Planning a Pond or Lake, a Useful Guide

Here are some important points to consider when planning your pond or lake.

Why not build your pond away from overhanging trees? The leaves they drop will break down and produce nitrates which will encourage algae growth. Build your pond or lake in a location that is in sunshine for about half the day.

Even a small pond should be at least 60cm deep at one point to prevent oxygen levels falling too low when the surface freezes (to protect invertebrates / amphibians). If you intend to keep fish in your pond the deer areas are vital to protect the fish from Herons and cats.

Have at least one shallow side, some of which should be well planed, for amphibians to leave the water. Shallow sides allow more marginal plants, which in turn shelter more wildlife. Gently sloping sides allow hedgehogs to escape, and are less dangerous in the event that a child toddler falls in. Toddlers or young children should always be supervised near the water.

Before digging your pond or lake, ensure there are no sewage, water, or power cables running through your garden, check with your local utility companies / local council. Planning permission may be required, depending on the size of the lake or pond and the area.

Be aware that any tree roots close to your pond or lake bed may find their way through your linings, causing future leaks.

Before introducing fish be aware that fish eat invertebrates and tadpoles, and discourage damselflies and dragonflies, generally speaking the widest variety of natural life can be found in ponds that do not contain fish.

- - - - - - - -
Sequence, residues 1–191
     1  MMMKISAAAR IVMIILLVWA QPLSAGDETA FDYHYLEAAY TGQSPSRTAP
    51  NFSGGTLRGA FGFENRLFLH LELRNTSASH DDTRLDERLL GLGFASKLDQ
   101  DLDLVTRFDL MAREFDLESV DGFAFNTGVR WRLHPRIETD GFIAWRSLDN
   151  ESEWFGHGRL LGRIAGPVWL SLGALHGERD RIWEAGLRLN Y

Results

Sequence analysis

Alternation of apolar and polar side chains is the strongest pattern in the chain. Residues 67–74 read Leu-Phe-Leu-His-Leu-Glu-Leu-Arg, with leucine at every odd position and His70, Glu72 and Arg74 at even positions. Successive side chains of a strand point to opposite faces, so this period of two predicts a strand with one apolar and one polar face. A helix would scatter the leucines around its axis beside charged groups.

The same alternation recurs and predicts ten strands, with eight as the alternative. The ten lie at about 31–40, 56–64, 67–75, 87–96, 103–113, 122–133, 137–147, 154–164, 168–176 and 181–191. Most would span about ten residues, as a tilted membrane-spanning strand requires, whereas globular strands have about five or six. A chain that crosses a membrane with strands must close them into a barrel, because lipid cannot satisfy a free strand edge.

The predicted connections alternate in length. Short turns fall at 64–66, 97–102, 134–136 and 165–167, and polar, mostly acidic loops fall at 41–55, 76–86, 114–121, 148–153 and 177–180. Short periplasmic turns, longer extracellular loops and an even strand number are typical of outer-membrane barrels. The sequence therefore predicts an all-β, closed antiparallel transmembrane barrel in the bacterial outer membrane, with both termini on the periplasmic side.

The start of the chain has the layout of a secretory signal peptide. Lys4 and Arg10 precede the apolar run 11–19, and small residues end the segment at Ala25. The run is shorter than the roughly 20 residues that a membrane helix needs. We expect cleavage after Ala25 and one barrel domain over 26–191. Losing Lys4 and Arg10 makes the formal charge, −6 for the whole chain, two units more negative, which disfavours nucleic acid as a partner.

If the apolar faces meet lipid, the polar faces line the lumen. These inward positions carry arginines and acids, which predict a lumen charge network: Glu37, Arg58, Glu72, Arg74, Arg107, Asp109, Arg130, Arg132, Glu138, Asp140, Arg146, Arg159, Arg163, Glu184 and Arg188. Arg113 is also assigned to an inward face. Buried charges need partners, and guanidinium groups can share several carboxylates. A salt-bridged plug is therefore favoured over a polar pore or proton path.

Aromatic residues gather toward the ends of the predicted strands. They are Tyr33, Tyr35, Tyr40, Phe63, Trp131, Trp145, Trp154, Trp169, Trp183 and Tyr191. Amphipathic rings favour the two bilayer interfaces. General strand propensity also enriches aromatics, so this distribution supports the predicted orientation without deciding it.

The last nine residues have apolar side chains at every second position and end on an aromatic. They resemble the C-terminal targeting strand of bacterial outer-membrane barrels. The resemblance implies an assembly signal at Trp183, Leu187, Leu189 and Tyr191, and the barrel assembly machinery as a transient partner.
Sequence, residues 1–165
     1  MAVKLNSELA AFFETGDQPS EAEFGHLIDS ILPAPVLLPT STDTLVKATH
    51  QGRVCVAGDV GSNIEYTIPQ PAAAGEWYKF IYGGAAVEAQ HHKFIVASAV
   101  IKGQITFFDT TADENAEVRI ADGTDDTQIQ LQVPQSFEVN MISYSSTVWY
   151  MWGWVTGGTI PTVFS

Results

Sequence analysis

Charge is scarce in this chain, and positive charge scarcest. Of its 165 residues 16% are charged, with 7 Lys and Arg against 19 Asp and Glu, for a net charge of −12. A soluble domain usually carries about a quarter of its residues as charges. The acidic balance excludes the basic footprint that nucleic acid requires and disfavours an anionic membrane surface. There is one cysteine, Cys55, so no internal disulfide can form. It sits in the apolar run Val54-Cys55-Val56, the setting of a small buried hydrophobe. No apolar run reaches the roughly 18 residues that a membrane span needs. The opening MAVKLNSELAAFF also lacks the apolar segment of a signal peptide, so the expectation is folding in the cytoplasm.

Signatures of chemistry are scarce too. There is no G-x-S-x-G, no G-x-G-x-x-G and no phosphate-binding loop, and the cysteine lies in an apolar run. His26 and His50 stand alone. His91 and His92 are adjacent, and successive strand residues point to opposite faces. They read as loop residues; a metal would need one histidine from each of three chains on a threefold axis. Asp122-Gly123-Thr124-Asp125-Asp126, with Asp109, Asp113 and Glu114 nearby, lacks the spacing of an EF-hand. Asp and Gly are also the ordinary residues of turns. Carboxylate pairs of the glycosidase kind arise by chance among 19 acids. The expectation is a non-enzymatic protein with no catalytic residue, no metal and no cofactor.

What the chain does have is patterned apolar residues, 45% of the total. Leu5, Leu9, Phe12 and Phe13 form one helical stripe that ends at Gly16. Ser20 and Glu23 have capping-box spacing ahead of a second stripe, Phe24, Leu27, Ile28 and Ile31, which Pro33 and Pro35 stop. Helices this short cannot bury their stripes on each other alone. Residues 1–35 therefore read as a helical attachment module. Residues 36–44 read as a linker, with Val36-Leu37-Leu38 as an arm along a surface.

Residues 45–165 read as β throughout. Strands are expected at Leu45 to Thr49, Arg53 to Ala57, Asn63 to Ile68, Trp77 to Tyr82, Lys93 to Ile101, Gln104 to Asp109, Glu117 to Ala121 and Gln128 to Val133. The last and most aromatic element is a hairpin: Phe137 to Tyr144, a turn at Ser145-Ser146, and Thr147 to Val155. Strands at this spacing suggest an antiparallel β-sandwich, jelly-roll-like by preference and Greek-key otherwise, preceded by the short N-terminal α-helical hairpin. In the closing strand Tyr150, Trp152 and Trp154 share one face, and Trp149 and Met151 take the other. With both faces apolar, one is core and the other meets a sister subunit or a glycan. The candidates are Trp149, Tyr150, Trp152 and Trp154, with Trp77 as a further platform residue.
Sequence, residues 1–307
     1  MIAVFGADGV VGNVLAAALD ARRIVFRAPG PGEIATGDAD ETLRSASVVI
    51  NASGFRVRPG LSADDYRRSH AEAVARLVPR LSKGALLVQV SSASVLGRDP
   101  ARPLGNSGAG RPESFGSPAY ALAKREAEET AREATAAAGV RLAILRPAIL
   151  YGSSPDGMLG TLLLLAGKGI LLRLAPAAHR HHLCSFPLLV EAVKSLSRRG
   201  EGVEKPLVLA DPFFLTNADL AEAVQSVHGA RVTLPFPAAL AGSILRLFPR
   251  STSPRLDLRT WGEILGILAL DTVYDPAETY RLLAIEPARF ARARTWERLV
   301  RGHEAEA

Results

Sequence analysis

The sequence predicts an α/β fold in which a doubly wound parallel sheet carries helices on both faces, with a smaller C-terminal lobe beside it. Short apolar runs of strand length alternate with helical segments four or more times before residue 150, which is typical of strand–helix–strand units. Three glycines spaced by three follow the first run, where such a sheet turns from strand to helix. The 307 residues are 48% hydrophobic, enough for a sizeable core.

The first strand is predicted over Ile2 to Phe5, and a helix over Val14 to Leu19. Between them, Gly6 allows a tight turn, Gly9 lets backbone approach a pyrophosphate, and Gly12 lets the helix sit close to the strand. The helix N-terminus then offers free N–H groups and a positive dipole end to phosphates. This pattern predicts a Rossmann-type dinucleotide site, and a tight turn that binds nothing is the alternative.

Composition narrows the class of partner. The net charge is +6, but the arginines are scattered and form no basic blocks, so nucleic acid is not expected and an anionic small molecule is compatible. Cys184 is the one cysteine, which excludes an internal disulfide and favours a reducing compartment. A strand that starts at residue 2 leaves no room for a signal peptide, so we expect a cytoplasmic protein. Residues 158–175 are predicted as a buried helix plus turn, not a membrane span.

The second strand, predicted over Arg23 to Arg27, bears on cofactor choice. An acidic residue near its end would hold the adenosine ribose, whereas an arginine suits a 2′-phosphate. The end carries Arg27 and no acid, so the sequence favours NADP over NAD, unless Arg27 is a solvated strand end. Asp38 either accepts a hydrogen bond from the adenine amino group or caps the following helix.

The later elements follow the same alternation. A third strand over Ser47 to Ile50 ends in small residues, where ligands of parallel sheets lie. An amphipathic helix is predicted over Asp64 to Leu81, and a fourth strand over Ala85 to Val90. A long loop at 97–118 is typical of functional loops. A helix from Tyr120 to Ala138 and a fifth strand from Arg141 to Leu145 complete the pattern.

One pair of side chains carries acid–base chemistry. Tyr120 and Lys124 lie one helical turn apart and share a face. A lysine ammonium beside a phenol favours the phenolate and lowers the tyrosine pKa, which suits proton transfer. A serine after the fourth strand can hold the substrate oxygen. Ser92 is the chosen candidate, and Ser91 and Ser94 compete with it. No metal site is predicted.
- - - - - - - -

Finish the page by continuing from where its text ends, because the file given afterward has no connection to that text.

Do not site your pond on marshy ground, otherwise water will tend to rise behind the liner causing future problems. If you have no choice but to dig a small pond in an area with a high water table one or more sumps can be dug around the pond with pumps inside to artificially lower the water table, (a complicated and expensive solution though).

Once the lake has been dug out, it is common practice to use a layer of soft sand to smooth out the surface. For the underlay a geotextile membrane is best (you could cut costs with polypropylene carpet, but remove any nails / tacks first). There are many different liners that are now available, butyl is a popular choice because it is durable and long lasting, but polythene is sometimes used. The liner is usually covered by more soft sand and fine washed gravel before the pond or lake is filled. Some pond and lake beds are constructed with concrete, often incorporating liners. The traditional method is to use puddled clay, however this is difficult and expensive, so is rarely seen on new ponds and lakes. Lake building techniques are constantly changing as technology moves forward, be sure to ask the advice of several different contractors to decide the best system for your project.

Please note, this article is for advice only, always consult a trained landscape designer before attempting groundwork.